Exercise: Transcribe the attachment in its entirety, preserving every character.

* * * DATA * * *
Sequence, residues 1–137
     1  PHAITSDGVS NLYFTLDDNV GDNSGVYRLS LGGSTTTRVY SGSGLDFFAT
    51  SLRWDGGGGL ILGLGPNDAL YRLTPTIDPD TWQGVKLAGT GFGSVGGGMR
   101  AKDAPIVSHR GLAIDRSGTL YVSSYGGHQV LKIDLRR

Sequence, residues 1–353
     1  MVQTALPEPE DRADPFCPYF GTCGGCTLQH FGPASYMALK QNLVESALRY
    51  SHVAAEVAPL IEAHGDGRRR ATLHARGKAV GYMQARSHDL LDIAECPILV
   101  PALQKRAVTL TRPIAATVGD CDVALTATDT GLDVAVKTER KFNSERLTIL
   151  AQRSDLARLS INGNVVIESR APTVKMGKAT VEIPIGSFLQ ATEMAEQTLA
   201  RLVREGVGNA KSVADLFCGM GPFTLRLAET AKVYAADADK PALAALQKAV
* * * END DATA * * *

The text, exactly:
Sequence, residues 1–137
     1  PHAITSDGVS NLYFTLDDNV GDNSGVYRLS LGGSTTTRVY SGSGLDFFAT
    51  SLRWDGGGGL ILGLGPNDAL YRLTPTIDPD TWQGVKLAGT GFGSVGGGMR
   101  AKDAPIVSHR GLAIDRSGTL YVSSYGGHQV LKIDLRR

Sequence, residues 1–353
     1  MVQTALPEPE DRADPFCPYF GTCGGCTLQH FGPASYMALK QNLVESALRY
    51  SHVAAEVAPL IEAHGDGRRR ATLHARGKAV GYMQARSHDL LDIAECPILV
   101  PALQKRAVTL TRPIAATVGD CDVALTATDT GLDVAVKTER KFNSERLTIL
   151  AQRSDLARLS INGNVVIESR APTVKMGKAT VEIPIGSFLQ ATEMAEQTLA
   201  RLVREGVGNA KSVADLFCGM GPFTLRLAET AKVYAADADK PALAALQKAV